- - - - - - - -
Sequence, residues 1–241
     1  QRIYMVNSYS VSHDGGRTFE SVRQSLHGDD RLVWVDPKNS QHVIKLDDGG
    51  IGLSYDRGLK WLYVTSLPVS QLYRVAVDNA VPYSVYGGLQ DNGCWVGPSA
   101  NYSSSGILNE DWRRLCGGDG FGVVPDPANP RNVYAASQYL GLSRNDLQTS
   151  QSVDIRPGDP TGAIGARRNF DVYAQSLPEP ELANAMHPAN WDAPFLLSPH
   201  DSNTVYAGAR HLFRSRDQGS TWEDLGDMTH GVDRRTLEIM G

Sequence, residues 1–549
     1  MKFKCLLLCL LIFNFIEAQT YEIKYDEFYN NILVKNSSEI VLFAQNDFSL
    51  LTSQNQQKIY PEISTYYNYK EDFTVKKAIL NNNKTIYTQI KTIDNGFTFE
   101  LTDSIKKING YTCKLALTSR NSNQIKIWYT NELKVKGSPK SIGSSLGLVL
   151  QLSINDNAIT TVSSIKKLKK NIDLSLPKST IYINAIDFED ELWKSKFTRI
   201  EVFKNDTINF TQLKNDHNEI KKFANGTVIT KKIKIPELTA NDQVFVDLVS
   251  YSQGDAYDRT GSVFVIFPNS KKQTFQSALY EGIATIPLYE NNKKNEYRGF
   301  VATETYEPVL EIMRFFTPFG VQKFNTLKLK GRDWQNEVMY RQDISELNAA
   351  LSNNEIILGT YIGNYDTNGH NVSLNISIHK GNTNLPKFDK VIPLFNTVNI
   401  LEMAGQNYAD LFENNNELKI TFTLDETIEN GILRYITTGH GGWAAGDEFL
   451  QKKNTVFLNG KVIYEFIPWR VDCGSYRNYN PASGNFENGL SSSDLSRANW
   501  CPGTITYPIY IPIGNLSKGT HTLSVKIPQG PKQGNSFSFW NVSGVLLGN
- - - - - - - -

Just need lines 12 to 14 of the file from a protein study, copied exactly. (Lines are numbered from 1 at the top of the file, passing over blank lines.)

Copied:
   201  EVFKNDTINF TQLKNDHNEI KKFANGTVIT KKIKIPELTA NDQVFVDLVS
   251  YSQGDAYDRT GSVFVIFPNS KKQTFQSALY EGIATIPLYE NNKKNEYRGF
   301  VATETYEPVL EIMRFFTPFG VQKFNTLKLK GRDWQNEVMY RQDISELNAA